Pilate let the people understand that they were responsible for what was about to happen and the people, all the people (pas ho laos) answered, “His blood be on us and on our children.” And this is the text many people have claimed is Matthew saying that the guilt of Jesus is upon the Jewish people and becomes the reasoning behind anti-Semitism. This is a poor reading of the text as the message is about all peoples. These are people who make choices bent on hate, who will always look for reasons to separate and discriminate against other people. The problem is that the Greek is very clear, the text does not say, “the Jewish people,” it clearly says, “All the people.” It is safe to assume there were more than just Jews in the crowd. The Romans were occupying Palestine, a land of Jews AND GENTILES. Jews and Gentiles rejected Jesus, Jesus was accused and judged by Jews and Gentiles, and Jesus died at the hands of “ALL THE PEOPLE.”


Jesus was taken out and scourged, not just whipped. The instrument consisted of three strands of leather with ragged ceramic shards, glass or iron tied on the ends. This means as the leather would wrap around your body and increase speed the shards would dig deep into the skin so that the person doing the whipping could actually tear chunks of skin and muscle out with teach strike and then pulling the scourge out of the skin. It was brutal and gruesome.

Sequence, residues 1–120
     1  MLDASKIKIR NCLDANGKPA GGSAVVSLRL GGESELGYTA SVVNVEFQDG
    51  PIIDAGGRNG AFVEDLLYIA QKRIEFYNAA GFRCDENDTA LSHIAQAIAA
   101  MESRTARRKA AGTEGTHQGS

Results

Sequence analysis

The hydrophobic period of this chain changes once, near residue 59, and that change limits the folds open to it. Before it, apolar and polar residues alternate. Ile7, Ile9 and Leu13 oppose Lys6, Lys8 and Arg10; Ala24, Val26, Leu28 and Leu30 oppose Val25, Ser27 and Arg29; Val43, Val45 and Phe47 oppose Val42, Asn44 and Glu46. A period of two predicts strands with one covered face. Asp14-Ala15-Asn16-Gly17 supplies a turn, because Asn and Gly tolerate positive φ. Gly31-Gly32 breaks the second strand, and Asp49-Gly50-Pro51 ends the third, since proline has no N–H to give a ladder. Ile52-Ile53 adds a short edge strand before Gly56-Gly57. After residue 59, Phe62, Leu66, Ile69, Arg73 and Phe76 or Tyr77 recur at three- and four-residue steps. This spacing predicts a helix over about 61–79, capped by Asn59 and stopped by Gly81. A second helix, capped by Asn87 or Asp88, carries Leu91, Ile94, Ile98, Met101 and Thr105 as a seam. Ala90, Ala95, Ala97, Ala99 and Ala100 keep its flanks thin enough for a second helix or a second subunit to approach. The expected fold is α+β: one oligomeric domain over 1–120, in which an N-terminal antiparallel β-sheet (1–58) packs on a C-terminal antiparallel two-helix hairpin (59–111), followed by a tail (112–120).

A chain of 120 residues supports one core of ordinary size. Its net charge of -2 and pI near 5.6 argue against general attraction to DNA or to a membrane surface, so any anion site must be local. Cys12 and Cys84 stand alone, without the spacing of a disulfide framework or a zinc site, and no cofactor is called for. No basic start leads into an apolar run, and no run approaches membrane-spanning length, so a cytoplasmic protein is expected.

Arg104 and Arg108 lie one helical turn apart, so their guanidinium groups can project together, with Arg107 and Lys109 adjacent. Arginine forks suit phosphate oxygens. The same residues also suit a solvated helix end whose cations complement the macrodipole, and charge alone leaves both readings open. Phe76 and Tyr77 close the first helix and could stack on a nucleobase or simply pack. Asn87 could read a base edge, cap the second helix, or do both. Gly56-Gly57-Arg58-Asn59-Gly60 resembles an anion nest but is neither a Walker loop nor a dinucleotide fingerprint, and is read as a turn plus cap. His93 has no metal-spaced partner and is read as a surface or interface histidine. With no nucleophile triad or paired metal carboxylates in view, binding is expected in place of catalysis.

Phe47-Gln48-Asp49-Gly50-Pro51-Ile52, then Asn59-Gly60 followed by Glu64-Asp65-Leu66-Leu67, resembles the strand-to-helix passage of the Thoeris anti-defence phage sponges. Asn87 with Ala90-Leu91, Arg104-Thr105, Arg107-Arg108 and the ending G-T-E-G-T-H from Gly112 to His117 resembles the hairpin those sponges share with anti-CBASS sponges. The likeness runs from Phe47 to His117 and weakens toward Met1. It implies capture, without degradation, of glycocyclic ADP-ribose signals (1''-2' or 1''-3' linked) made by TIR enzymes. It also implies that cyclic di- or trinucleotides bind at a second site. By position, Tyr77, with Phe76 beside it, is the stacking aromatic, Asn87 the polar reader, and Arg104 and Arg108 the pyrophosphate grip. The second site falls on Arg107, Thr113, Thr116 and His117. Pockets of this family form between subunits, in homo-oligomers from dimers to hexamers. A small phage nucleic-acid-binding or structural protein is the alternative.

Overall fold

The soldiers mocked him inside the praetorium, the headquarters and residence of the Roman governor. They put a scarlet robe onto his blood stained skin just long enough for the blood to ooze into the material, clot a little and then when they would rip the clothes off his body, therefore ripping open the bloody wounds again. The crown of thorns was made up of thorns that were about three inches long and felt like steel. As the crown was placed on his head I am sure it was hammered down on his head for good measure. As they taunted, him, they all cried out, “Hail, King of the Jew!”